Teaming up with Trinibats

We are in Trinidad working with Trinibats, co-founded by Trinidad-born naturalist, Geoffrey Gomes, who first contacted Merlin in 2009 for advice on how to convince his government to remove bats from its vermin list. Inspired with new insights, Geoffrey has since become a self-taught, enthusiastic bat man. He is now the leading expert on bats of Trinidad and has recently published a book, The Bats of Trinidad and Tobago, co-authored by talented bat artist, Fiona Reid. According to Merlin, it is one of the finest books on bats yet written.

A Great fruit-eating bat (Artibeus lituratus) carrying a bat-dispersed Balata fruit, frequently harvested from the forest by Trinidadians.
A Great fruit-eating bat (Artibeus lituratus) carrying a bat-dependent Balata fruit, a Trinidadian favorite.

In 2010 Geoffrey teamed up with another self-taught bat expert, Daniel Hargreaves, from the UK to co-found Trinibats. Together, they have organized annual bat research trips. Volunteers trained in bat research techniques are contributing greatly to knowledge of Trinidadian bats. Aided by radio-tracking and bushwhacking through dense tropical forest, they’re making lots of new discoveries regarding the roosting needs of bats, knowledge essential to conserving Trinidad’s bats.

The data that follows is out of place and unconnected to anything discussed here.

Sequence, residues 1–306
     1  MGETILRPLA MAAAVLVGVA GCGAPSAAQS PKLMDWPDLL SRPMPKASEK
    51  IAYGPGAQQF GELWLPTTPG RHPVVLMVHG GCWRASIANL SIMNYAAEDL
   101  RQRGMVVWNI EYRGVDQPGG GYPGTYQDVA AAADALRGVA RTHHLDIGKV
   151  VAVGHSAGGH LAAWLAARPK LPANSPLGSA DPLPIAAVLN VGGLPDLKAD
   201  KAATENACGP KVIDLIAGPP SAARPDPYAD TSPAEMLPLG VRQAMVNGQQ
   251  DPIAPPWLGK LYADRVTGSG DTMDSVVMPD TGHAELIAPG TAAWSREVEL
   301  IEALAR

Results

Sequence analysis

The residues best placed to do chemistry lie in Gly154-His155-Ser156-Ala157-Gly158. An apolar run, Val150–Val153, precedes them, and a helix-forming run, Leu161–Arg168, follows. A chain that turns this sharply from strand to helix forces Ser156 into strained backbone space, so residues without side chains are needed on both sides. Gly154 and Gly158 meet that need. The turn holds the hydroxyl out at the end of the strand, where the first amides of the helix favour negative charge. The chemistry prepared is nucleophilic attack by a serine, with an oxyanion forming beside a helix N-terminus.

This year we were invited to join them for a rare opportunity to photograph a wide variety of bats. We are accompanied by Teresa Nichta, our assistant at MTBC who will take lots of video on this trip. Last week’s group captured, recorded and released 38 of Trinidad’s 68 species. We hope to top that on this trip!

Daniel, Geoffrey and Merlin with Trinibat volunteers unloading equipment for a night of bat netting, radio-tracking and photography. Photo by Paula Tuttle
Daniel, Geoffrey and Merlin with Trinibat volunteers unloading equipment for a night of bat netting, radio-tracking and photography. Photo by Paula Tuttle

Read the article by clicking here!

Trinidadian journalist, Shereen Ali for The Guardian T&T, one of Trinidad’s two leading newspapers, joined us for an evening of bat work, providing an extraordinary account of our conservation work and the value of bats. She reminds us that “If you’ve ever enjoyed a delicious, juicy mango, or sweet local bananas, crunchy cashews, sapodillas, sugar apples, or creamy home-grown breadfruit meals, remember to thank the bats.”

Teresa, Merlin and Paula.
Teresa, Merlin and Paula.

 

 

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